In Mars Steel Corp. v. Continental Bank N.A., 880 F.2d 928 (7th Cir.1989) (en banc ), we adopted a deferential standard in reviewing Rule 11 sanction decisions. As we noted in Mars Steel:
Fact-intensive disputes, those whose resolution is unlikely to establish rules of future conduct, are reviewed under a deferential standard because the role of appellant courts in establishing and articulating rules of law is not at stake. District judges have the best information about the patterns of their cases, information appellate judges could duplicate only at great cost in time.
Id. at 933.
We have previously determined that the entry of summary judgment in favor of UPS and Local 705 was inappropriate. Under the circumstances, we find no abuse of discretion in the district court's decision to deny the defendants' motion for sanctions under Fed.R.Civ.P. 11.
For the foregoing reasons, we now (1) VACATE the district court order entering summary judgment and REMAND the case to the district court for further proceedings not inconsistent with this decision, and (2) AFFIRM the district court's denial of defendants' motion for Rule 11 sanctions.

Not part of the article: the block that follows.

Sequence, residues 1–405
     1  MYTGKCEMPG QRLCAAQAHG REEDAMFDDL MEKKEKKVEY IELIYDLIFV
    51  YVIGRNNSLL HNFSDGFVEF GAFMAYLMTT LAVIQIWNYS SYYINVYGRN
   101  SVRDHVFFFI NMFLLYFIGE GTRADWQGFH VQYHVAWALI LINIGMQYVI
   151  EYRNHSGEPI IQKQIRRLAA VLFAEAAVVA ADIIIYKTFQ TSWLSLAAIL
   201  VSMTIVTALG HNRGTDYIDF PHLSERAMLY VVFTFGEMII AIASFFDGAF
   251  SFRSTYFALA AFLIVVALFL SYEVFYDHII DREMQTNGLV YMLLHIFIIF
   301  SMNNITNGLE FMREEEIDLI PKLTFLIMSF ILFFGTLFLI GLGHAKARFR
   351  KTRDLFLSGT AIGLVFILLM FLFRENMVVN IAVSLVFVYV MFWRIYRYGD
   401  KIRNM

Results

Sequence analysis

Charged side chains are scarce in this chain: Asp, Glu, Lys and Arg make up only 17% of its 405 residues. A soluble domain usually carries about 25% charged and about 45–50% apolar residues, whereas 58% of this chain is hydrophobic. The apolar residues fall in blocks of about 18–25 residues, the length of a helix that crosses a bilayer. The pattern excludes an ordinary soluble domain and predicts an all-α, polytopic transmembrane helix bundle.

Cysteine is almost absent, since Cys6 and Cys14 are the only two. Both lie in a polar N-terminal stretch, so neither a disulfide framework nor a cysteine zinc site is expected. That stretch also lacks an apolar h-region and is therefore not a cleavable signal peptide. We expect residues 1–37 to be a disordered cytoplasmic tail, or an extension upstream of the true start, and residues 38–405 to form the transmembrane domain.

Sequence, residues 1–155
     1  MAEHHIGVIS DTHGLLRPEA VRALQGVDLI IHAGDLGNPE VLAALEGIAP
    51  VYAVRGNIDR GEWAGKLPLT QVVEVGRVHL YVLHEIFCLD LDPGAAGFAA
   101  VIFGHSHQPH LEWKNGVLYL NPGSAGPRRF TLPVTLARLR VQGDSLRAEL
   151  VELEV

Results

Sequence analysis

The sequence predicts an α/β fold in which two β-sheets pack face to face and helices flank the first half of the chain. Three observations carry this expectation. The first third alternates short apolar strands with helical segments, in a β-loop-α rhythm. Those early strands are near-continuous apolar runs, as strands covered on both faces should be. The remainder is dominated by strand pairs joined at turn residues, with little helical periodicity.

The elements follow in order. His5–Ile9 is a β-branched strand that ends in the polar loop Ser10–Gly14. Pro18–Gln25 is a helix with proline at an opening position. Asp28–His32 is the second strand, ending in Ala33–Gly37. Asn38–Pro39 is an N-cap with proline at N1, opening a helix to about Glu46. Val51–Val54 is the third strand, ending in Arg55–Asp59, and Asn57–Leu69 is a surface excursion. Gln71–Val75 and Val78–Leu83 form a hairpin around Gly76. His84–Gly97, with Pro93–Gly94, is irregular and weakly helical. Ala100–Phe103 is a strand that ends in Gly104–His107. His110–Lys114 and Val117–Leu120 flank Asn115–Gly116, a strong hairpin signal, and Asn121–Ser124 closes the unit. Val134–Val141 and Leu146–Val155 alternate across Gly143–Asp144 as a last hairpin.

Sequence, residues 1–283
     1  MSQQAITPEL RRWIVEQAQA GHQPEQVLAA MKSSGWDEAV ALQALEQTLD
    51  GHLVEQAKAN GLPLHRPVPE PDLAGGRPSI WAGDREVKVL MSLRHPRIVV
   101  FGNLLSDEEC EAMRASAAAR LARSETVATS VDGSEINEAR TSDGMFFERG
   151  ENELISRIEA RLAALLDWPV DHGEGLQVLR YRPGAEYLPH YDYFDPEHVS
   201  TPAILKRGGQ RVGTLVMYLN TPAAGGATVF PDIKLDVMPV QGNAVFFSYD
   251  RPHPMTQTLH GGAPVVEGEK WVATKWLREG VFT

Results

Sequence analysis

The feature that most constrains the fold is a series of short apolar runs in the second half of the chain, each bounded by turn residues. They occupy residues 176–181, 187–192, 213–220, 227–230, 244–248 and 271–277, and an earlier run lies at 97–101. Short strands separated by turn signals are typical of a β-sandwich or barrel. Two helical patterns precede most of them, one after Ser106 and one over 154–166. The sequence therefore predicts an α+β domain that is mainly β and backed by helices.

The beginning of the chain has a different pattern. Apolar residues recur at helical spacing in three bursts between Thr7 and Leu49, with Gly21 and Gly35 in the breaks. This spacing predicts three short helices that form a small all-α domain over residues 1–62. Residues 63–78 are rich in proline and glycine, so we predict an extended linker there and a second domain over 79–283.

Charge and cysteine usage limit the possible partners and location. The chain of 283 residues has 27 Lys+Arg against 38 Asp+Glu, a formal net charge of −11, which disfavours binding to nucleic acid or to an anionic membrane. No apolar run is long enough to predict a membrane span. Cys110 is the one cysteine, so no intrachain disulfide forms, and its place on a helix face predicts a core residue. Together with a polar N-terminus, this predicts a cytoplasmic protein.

The Honorable Robert A. Grant, Senior District Judge for the Northern District of Indiana, is sitting by designation
There is some dispute as to whether the events in question took place on March 3 or March 11, 1986. Inasmuch as the exact date of the incident is not critical to the resolution of the instant appeal, we have simply selected the date cited by the appellant and Local 705 in their briefs
Apparently, Mr. Chambers lacked the authority to effect a formal discharge. The final decision to discharge the appellant was made by a panel of UPS officials, including Amos Coleman, who was later to serve on the JGC ruling upon the appellant's grievance